A measure that allows police to deploy drones with powerful surveillance technology has moved to the Illinois House. The bill, Senate Bill 2562, is being pushed by the Chicago Police Department and would effectively gut ground-breaking legislation passed and signed into law just three years ago requiring a judicial warrant for the use of drones by police in Illinois. 

In Committee testimony last week, a representative for the CPD made clear that the police would use the technology whenever a group of more than 100 persons gather in the City.  Given the sheer number of community and neighborhood events, family reunions in public parks, protests and parades that take place in the City every day, the testimony raised the real prospect of near constant drone surveillance in Chicago.  

“The magnitude of this type of surveillance is alarming,” said Karen Sheley, Director of the ACLU Police Practices Project. “Imagine being in Lincoln Park for a family picnic or at a neighborhood festival and looking up to see a drone – a police drone that could be capturing a photograph of your face.  This is frightening.”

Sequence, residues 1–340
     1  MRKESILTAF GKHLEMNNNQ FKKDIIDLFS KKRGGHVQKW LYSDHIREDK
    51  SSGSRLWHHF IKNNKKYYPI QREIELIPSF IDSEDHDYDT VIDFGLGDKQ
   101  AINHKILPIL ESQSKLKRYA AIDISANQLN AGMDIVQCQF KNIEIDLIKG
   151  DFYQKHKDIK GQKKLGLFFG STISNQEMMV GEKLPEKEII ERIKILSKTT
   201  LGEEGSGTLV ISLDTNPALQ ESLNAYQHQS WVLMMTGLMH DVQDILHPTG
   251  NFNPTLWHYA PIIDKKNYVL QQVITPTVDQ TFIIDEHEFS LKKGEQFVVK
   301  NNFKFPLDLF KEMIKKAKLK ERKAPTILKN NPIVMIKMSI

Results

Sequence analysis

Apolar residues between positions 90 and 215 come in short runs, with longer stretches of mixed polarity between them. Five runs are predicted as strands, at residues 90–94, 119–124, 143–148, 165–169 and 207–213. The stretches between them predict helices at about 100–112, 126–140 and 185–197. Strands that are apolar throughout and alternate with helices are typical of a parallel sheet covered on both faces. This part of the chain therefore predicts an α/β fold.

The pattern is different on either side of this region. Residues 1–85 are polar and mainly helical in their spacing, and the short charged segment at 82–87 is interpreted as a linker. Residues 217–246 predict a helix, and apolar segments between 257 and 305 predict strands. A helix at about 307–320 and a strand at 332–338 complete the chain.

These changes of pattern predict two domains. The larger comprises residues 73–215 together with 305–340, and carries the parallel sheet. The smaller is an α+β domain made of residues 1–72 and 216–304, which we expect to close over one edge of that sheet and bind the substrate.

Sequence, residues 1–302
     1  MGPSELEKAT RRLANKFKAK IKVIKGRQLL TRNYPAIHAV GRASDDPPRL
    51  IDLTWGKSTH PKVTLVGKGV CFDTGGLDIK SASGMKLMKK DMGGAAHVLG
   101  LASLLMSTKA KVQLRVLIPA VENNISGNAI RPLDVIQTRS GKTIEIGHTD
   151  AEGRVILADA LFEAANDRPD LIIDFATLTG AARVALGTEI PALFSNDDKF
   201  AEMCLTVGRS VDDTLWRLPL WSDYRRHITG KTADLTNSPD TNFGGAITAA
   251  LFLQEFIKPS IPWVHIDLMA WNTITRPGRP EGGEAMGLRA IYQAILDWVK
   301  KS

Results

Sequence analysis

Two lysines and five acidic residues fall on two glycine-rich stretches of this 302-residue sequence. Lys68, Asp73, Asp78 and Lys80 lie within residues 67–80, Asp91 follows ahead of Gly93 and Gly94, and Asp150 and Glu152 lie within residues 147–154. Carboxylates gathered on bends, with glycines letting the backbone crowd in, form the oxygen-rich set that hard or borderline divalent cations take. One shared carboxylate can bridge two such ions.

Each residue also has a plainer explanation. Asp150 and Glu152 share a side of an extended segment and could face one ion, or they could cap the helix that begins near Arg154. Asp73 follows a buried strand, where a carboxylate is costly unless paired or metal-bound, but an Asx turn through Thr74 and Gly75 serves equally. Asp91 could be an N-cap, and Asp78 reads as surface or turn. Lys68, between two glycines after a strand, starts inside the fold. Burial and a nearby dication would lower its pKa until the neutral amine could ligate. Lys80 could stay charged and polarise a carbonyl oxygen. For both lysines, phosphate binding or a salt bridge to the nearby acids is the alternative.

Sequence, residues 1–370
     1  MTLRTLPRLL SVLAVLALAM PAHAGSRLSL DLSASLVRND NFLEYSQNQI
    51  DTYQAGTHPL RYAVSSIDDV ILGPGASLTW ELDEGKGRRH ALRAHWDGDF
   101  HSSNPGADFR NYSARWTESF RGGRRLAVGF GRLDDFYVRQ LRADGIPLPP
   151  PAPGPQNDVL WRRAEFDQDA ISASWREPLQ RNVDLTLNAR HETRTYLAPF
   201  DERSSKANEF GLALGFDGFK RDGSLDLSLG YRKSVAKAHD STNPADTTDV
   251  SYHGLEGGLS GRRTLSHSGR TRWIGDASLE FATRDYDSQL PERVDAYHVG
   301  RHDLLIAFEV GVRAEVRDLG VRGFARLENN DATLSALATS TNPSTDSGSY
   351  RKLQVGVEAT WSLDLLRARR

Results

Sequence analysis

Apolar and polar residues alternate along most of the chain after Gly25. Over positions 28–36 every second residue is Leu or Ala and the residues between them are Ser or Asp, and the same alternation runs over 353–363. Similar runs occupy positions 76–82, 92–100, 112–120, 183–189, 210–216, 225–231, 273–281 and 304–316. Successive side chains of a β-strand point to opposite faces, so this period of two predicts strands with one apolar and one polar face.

Senate Bill 2562 was approved by the Senate earlier in the session and is not on the floor of the House.  The bill allows drones to be used to make video, audio and still recordings of crowds, and worse, to be equipped with facial recognition technology. When the bill was heard in a House Committee last week, the CPD representative was questioned about whether drones would be used in a racially-discriminatory fashion.  The representative responded by suggesting that whenever a crowd of more than 100 gathered – anywhere in the City – the police would be there with drones.  

“If this bill is passed, as drafted, drones could identify and list people engaging in First Amendment activity or simply gathering with friends and family,” added Sheley.  “The sight of drones overhead, collecting information, may deter people from attending these events.” 

“This is dangerous in a free society.”  

The ACLU argued previously against this bill and continues to speak with legislators about the real problems presented by the City’s grab for this broad, sweeping power.  

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